Where Does Ultimate Responsibility Lie for the Death of Santiago Nasar, in Chronicle of a Death Foretold?

Topics: Murder, Death Penalty, Colombia Pages: 5 (1721 words) Published: February 18, 2013
Where Does Ultimate Responsibility lie for the death of Santiago Nasar, in Chronicle of a Death Foretold?

“On the day they were going to kill him”[1], is the opening to Chronicle of a Death Foretold, by Gabriel Marquez, is a novella written in the form of a pseudo-journalistic reconstruction;, in which the reader is told about the ‘murder death’ from the first line. Here comes the importance of the theme of responsibility; we, along with the narrator, work backwards to unravel the reasons and the mysteries behind the murder. However, we must differentiate between two opposite aspects of this theme; responsibility and action. Some characters were prominently conventionally responsible for the death of Santiago, through their actions. Their actions have lead in a direct or indirect manner, to the latter’s murder. On the other hand, other characters can be perceived as responsible through their negligence and laxity. Marquez lucidly vividly depicts the Columbian community, where the novel takes place, as a tightly knit one, in which more than twenty-two people were either formally or informally informed about the Pablo twins’ intention. Many of these characters were closely linked to Santiago and have seen him the day he was murdered, such characters include; Divina Flor, Colonel Aponte and LeonardoLeandro Pornoy. Yet, none of these characters managed to alert Santiago about his predicted fate. Furthermore, alongside the ignorance of the different characters, the Colombian code of honour and culture can be also perceived as a responsible figure. The society seemed to regard Angela’s violation, as a more serious event compared to a loss of life. For them, honour is a fundamental moral trait that is vital to keep intact and its prominence surpasses their sturdy religious beliefs. Angela Vicario, in spite of not taking the action and killing the protagonist, shares beares much initial of the responsibility for Santiago’s death. She named him as her deflowerer to her brothers, thus imposing on him a death sentence for his wrongful actions. Yet, it could never be completely proved candidly know if it was really Santiago who deflowered her. Angela is asked on three separate occasions to name her deflowerer, these three occasions come with a wide span of time in between. The first occasion, was when she was first returned to her house, after Bayardo San Roman learned that she had lost her virginity before their marriage. The narrator conveys in prodigious detail her firmness and decisiveness in naming Santiago, “she nailed it to the wall with her well-aimed dart, like a butterfly with no will whose sentence has always been written. (Marquez, P.47)” As for the second occasion, the narrator explains that Angela revealed in the court reports, according to the case’s judge that, “He (Santiago) was my perpetrator” (Marquez, P.101). Yet, She does not provide any other details, as to where or when this happened, which reduces her credibility. Finally the third occasion, comes years after the murder took place, when the narrator was trying to unravel the mysteries of the case. He had already come to a conclusion that Angela’s naming of Santiago could have been an attempt to save her real lover’s life. The latter was notorious of being a ladies’ man and consequently it was easy for people to deem that he is the deflowerer. Furthermore, Santiago was an intimate friend of the Vicario twins and therefore, she supposed that they would rule him out from their notion of honour. Yet, when she was asked, she boldly responded, ‘“He was the one. (Marquez, P.91)’” On both of these three occasions, we get an impression of her decisiveness and resolution; she was always ready to say the name.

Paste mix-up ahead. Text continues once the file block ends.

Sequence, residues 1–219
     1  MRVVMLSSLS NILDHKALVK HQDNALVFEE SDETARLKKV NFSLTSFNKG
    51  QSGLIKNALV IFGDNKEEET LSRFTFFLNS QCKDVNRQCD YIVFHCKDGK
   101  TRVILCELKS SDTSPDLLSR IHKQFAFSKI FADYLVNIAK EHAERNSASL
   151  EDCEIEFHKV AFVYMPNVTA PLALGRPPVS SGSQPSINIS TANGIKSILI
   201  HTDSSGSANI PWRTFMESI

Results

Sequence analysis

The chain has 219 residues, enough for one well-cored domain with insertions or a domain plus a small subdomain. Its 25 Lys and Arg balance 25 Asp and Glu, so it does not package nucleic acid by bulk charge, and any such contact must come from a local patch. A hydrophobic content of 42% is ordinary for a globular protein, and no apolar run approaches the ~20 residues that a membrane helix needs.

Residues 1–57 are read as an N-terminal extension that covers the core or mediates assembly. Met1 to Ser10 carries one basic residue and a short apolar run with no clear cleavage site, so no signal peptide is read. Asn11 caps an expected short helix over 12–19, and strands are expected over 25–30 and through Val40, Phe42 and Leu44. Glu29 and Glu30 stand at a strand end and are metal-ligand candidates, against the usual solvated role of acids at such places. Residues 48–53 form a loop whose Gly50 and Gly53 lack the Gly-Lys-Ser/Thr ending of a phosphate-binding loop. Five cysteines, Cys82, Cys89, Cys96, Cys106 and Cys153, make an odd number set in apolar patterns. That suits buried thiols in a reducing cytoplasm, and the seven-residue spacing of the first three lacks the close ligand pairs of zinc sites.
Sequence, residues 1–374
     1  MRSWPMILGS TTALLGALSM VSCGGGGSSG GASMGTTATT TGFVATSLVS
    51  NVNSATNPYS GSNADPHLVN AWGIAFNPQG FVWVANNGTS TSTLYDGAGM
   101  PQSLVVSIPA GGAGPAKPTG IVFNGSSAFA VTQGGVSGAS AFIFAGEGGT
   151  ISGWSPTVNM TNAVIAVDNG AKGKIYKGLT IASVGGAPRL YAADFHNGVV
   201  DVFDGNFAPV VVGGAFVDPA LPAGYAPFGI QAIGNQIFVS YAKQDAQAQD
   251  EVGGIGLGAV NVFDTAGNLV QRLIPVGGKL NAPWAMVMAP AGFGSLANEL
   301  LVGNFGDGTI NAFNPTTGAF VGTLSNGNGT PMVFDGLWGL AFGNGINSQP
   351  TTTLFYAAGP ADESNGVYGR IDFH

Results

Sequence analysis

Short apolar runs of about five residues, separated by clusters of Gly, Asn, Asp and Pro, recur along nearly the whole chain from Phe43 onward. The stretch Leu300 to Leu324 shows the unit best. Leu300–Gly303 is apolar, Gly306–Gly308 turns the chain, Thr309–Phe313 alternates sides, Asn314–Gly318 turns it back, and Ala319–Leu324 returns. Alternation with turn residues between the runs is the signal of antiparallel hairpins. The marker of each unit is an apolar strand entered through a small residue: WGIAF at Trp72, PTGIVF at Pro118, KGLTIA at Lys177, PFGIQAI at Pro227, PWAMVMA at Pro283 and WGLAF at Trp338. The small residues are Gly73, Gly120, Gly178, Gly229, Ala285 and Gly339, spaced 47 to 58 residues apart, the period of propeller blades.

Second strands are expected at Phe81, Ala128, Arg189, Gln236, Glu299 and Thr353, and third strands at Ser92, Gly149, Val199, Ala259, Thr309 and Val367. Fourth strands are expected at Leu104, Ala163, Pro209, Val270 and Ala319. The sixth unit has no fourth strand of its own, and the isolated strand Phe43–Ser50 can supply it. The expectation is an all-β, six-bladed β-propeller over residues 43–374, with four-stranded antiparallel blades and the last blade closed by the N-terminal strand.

Divina Flor’s actions played a pivotal and significant role towards the theme of responsibility. Marquez clearly portrays her affection and overwhelm towards for Santiago. Yet, the narrator also reveals, that she loathed abhorred his sexual...
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